Any vaginal discharge should be clear and colourless discharge which is cloudy, bloody or has a foul odour is a sign that the cow should be examined. Vets use a scoring system for classifying vaginal discharge from 0-3, depending on its consistency, colour and odour.
Please see the relevant bulletins for a detailed description of normal calving and guidance as to when to intervene and how.
Mastitis is classified as mild, moderate or severe. Mild mastitis is where the consistency of the milk has changed (ie the presence of clots or it has become watery or thickened). Moderate mastitis is as above but there are changes in the cow's udder, this may be swelling, reddening, pain or heat. Severe mastitis is as above but the cow is affected systemically, ie she has a temperature, is off her feed, or her demeanour has changed.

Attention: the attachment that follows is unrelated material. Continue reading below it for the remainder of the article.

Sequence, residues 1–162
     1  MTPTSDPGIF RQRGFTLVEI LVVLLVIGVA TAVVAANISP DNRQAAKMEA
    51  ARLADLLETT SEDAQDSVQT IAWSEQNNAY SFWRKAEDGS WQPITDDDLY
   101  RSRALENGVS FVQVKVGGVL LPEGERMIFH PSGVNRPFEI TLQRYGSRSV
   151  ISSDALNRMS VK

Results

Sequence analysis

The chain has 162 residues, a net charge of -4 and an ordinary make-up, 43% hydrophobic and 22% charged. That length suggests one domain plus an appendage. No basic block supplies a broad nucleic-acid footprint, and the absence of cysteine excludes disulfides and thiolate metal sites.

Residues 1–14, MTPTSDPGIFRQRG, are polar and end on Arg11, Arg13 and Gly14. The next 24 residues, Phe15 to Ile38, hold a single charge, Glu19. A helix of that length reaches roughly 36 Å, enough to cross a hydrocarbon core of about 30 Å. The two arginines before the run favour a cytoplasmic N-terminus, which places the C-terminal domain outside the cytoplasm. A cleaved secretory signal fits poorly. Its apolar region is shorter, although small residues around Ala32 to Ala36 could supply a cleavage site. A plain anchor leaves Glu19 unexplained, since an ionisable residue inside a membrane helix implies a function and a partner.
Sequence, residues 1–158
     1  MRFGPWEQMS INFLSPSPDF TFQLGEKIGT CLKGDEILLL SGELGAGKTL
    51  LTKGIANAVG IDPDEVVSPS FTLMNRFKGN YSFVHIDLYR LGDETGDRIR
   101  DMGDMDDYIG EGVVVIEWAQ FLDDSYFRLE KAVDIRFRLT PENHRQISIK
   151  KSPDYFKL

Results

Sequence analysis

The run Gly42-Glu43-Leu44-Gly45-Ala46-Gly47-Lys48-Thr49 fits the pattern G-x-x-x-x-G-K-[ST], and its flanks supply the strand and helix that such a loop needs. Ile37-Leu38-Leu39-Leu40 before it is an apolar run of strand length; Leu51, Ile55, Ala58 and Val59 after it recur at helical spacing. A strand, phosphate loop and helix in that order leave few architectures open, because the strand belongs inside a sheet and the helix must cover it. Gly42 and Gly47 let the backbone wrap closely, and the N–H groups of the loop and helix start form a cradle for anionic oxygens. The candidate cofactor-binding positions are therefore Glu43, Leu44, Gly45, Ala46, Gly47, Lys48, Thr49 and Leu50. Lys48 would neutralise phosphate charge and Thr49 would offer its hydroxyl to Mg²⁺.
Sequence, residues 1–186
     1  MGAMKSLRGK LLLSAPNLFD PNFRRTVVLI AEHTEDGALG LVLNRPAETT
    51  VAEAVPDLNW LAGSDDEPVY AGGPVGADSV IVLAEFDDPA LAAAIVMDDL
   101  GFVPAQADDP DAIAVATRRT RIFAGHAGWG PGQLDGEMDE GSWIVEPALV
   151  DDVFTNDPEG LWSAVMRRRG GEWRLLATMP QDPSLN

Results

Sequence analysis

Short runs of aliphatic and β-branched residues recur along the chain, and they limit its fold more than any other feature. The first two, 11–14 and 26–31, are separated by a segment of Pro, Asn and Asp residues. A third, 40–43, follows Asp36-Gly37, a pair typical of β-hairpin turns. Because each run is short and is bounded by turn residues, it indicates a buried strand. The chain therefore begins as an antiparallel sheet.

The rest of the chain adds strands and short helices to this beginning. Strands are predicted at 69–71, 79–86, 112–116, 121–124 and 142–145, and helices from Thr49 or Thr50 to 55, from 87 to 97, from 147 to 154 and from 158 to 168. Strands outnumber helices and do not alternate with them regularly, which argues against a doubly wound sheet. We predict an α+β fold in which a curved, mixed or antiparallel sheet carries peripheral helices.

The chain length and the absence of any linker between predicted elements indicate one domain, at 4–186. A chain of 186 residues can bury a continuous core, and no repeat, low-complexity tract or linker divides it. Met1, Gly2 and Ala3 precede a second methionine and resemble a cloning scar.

Cows should walk with a flat back, bearing weight evenly on all four limbs and their hind limbs should track up fully (be placed just behind where the forelimbs left the ground) at the walk. If a cow has a shortened stride on any limb, reduced weight bearing on one limb or is unable to keep up with the rest of the animals, it should be examined. The cattle industry in the UK has adopted the Dairyco mobility scoring system for classifying lameness in cattle. This is distinct from the various locomotion scoring systems in place around the world and distinct from previous lameness scoring systems. The mobility score aims to differentiate cattle according to the level of pain they are in. Cows are scored from 0 to 3, score 0 cows have perfect mobility, score 1 cows appear imperfect but a definite leg which is to blame cannot be chosen. Score 2 cows have an obvious leg they are shifting wait away from (ie shortened stride, lifting their head whenever the foot is placed or holding the leg up when standing). Score 3 cows are as above and cannot keep up with the rest of the herd.